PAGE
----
Possible futures for the Linux desktop – the full list from LinuxCon

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On Monday at LinuxCon 2009 I gave ten possible futures for the Linux desktop. Several articles have highlighted one or two or these, but here is the full list.

Of course I added a few spoken comments, but be certain of one thing: the Linux desktop is not to be discounted and, as I list as the fifth possibility, it could end up with sizable marketshare:

  1. It goes away.
  2. We stop using desktops, so who cares?
  3. The Linux desktop becomes a tactic instead of a strategy.
  4. One Linux desktop distribution ends up with 90% marketshare among those using Linux desktops.
  5. One Linux desktop distribution ends up with 90% marketshare among all desktops.
  6. We reach 33% / 33% / 33% parity with Microsoft® Windows® / Apple® Mac OS® / Linux, plus or minus.
  7. We stop pretending that it will be a drop-in replacement for the dominant desktop operating system, and make it something better.
  8. The enterprise sweet spot for Linux desktops is virtualized Linux desktops.
  9. We focus on usability, stability, security, reliability, performance, with some cool thrown in.
  10. It’s the browser, stupid.

Also see: Life with Linux: The series


  1. From the perspective of the customer the desktop is the least of its problems they want applications that are capable to perform the tasks the way they expect them.
    This have been the demise of the linux desktop and that is why Apple is gaining. people used linux and are less favourable with Microsoft but because they need certain applications they go with Apple instead (yeah its also pretty nice and good looking).
    When web applications like Raven and Adobe Air applications will dominate the office email/social networking and others we will see the proliferation of Linux due to its performance and stability.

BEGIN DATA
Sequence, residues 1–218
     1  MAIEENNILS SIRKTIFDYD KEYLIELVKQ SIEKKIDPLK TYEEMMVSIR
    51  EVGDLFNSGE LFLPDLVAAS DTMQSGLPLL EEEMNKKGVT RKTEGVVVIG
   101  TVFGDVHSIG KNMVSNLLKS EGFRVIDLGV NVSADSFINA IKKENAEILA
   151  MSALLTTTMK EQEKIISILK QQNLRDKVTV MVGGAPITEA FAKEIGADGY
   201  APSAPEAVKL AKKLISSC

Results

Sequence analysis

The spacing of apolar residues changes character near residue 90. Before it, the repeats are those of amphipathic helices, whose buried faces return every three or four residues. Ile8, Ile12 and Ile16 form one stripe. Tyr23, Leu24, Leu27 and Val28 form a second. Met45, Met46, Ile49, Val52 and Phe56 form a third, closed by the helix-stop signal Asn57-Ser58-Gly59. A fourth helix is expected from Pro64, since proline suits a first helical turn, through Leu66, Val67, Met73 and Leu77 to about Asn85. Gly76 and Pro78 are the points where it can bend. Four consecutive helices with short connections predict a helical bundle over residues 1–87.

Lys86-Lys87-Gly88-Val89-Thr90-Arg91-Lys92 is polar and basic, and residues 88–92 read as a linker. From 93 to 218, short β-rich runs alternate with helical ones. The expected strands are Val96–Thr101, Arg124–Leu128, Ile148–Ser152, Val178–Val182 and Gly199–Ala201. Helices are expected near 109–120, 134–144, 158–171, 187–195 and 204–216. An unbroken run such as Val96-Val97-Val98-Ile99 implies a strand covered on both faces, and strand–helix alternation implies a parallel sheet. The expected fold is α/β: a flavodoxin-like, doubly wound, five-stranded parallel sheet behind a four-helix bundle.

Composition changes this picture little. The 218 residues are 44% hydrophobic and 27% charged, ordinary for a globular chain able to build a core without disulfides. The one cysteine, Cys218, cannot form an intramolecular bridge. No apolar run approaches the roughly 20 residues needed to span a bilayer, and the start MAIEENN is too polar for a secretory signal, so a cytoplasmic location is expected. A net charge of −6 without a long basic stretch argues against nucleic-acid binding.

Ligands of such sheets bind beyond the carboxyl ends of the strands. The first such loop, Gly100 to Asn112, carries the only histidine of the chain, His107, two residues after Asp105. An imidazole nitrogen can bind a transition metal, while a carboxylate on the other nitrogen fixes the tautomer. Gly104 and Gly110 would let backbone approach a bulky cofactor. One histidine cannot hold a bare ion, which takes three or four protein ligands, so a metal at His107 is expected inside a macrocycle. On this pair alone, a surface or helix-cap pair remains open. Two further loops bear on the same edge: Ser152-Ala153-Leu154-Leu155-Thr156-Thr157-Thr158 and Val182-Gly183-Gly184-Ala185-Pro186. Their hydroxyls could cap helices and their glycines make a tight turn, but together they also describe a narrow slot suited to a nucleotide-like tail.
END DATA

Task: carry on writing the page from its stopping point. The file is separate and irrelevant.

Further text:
So i will take 10 if i may.

  2. 11. It will be as pretty, cool, easy and nice to use as a Mac

    Asking too much ?

  3. Our company has been deploying Linux clients as our standard desktops since 2004-2005, so with the majority of our desktops now running Linux we may be able to provide some relevant detail:

    1. For us it was the applications, not the desktop flavour that was of the highest importance to the end users. We started with browser delivery where possible and appropriate (eg Domino Web Access, Pentaho, dotProject, TYPO3), and then standardised on as many cross-platform “open” applications as possible for the remainder (eg OpenOffice, Firefox, GIMP, Inkscape). Luckily our core ERP application was accessed via SSH, so again effectively a “clientless” deployment.

    2. The browser is king. Newer applications such as Google Apps only reinforce the original strategy of deploying browser based Apps where possible.

    3. We have used wine at times to deploy some “must have” windows apps locally, and we also utilise a small number of server based Windows VMs for “essential but finicky” windows apps.

    In summary, the Linux desktop IS viable if you lay out a migration strategy, but don’t expect end users to be comfortable with a “big bang” upgrade (and associated learning curve) if you try and migrate Apps and the desktop OS all at once.

  4. For us, cost and ease of management made GNU/Linux the choice. It was so easy to implement a GNU/Linux terminal server cluster with openLDAP that we had money left over to buy other hardware. We did not need to migrate any apps. We use mostly what comes standard with a GNU/Linux distro plus web interfaces to necessary databases. Our cost per seat was less than half what going with Vista would have been and our cost of maintenance almost disappeared. Users loved the performance. Administrators loved the ease of management.

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